BY CLARISSA-JAN LIM | Allen Ginsberg’s favorite noodle store is returning to the East Village. The Beat legend loved Mee Noodle Shop and Grill, a simple, no-frills eatery on First Ave. between 13th and 14th Sts.
But Mee was forced to leave the location in 2007 due to infrastructure issues, or a “crack epidemic,” as real estate broker Conrad Bradford put it. There were serious cracks in the wall and the building was starting to collapse.
Joyce Chi, an employee whose 10 years at the restaurant have seen her work at both its current Midtown location on 49th and at the former East Village spot, said Mee Noodle had been looking for a new place back in the area ever since it was shut down because “it’s a good location.”
Bradford sent out a notice of the deal last month, prior to which there had been no news of Mee’s return to First Ave. Until then, the reopening was expected to be a low-key event that only some customers know about. But the ensuing media coverage helped change that. For those former customers already in the know, Chi said, she thinks “they are happy” that the East Village will soon once again have a Mee Noodle Shop and Grill to call its own.
Bradford, the real estate agent behind the deal, said he was approached by the restaurant’s management after his company, Miron Properties, put the space on the market.
Bradford struck a favorable deal with the landlord that allowed the restaurant to set up the space without having to pay rent for the duration of construction.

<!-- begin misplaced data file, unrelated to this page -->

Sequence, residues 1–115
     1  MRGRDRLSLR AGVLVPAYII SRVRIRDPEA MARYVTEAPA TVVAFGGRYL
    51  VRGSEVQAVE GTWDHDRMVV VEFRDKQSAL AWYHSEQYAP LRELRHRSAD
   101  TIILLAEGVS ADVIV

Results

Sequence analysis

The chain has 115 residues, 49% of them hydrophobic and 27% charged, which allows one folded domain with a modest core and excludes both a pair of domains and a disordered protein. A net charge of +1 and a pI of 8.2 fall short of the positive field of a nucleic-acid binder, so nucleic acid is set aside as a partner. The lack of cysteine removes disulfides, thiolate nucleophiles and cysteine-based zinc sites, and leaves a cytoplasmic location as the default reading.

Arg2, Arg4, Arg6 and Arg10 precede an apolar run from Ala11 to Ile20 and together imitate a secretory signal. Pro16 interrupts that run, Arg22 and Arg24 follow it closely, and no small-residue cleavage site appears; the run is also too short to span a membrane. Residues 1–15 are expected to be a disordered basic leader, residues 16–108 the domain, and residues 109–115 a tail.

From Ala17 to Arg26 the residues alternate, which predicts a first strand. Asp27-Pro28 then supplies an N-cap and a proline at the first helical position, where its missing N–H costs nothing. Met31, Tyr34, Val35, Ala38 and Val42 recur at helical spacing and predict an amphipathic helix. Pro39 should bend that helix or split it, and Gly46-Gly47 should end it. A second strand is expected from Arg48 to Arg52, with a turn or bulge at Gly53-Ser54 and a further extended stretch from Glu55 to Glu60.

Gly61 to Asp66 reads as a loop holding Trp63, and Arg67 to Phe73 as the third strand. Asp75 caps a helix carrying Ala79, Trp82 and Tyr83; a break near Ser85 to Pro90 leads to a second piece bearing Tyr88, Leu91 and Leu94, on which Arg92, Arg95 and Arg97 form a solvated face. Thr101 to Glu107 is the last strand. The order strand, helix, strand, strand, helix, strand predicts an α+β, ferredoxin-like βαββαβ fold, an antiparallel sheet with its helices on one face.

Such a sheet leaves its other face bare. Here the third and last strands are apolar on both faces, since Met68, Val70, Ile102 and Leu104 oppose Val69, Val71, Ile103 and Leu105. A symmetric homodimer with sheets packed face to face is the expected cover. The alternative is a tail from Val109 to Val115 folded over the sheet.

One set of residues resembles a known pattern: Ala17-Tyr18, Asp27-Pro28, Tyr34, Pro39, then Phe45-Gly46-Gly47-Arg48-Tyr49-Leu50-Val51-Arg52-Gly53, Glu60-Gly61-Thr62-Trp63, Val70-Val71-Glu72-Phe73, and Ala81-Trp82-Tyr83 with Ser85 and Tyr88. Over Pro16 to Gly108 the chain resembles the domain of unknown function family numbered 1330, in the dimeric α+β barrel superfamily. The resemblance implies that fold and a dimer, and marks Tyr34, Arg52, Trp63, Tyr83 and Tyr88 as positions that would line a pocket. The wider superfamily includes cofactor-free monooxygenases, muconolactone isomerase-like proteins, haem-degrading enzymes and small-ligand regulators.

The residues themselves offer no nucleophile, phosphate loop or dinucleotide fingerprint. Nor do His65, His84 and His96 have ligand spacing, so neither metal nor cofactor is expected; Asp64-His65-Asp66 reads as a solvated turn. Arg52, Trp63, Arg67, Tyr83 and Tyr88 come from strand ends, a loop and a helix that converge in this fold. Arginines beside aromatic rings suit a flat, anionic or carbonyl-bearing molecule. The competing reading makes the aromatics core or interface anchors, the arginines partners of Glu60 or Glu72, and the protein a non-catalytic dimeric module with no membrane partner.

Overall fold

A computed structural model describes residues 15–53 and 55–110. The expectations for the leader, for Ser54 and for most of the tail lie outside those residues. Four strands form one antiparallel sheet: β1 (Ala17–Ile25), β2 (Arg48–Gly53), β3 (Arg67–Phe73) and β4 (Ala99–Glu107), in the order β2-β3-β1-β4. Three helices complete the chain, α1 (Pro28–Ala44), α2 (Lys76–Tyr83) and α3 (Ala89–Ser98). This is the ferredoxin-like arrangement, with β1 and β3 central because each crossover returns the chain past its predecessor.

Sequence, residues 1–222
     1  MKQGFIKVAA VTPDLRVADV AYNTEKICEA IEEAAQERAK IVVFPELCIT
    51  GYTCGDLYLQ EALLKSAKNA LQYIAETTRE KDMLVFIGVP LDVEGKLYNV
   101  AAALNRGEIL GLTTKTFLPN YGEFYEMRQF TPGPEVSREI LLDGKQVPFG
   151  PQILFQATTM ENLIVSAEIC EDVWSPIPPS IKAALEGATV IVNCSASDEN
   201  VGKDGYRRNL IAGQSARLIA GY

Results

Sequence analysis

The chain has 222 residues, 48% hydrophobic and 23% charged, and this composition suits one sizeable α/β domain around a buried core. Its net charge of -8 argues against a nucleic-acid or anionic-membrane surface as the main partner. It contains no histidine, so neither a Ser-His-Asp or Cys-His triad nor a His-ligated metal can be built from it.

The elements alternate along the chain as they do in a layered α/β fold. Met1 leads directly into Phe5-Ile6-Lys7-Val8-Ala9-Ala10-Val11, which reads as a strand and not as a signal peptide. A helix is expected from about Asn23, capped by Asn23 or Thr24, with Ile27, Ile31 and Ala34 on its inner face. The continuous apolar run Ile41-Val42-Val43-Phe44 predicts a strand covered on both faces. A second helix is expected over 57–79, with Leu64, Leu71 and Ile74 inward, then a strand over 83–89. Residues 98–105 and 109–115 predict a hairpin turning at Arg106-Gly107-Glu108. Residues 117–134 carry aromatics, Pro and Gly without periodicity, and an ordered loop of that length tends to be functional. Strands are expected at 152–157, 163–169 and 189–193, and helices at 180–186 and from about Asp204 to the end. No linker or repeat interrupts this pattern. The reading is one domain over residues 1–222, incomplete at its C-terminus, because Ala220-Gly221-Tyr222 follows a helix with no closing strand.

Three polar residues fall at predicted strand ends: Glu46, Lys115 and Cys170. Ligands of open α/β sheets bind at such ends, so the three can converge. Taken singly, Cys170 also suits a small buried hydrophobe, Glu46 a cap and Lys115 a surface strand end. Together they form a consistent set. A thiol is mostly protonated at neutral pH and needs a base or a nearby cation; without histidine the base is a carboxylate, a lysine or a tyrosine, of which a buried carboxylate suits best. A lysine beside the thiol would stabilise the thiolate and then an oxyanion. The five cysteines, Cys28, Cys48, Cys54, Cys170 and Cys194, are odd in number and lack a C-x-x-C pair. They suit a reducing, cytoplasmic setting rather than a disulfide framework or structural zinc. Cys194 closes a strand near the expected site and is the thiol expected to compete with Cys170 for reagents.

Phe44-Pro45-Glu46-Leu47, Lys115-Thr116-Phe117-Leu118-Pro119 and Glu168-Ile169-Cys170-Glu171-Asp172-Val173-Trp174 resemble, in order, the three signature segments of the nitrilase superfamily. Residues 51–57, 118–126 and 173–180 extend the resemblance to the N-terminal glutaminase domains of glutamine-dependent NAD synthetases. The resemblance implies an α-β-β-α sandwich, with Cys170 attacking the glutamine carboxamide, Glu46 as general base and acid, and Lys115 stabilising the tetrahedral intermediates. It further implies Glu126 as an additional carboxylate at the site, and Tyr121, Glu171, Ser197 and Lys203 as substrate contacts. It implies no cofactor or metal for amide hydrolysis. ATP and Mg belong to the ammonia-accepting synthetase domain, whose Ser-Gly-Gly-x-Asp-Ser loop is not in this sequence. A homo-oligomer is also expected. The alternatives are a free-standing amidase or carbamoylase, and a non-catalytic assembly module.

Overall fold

Mee Noodle’s determination to snatch up the space was evident. According to Bradford, the deal was made in just five days — a record time, by real estate standards.
“We had three offers within 14 days,” said Bradford. “They [Mee Noodle] came from behind… . But when they came onboard, they acted as quickly as possible.”
According to Chi, the restaurant will be reopening in about five months, at 223 First Ave., a mere two doors away from where it used to be.
Part of the place’s fame is due to Ginsberg’s frequent visits to the former East Village branch for his fix of Chinese food. His 1997 obituary in The New York Times quoted a waitress at Mee Noodle Shop and Grill saying, “When he came in, we knew what he wanted,” referring to the particular dish that Ginsberg favored, steamed flounder in ginger sauce.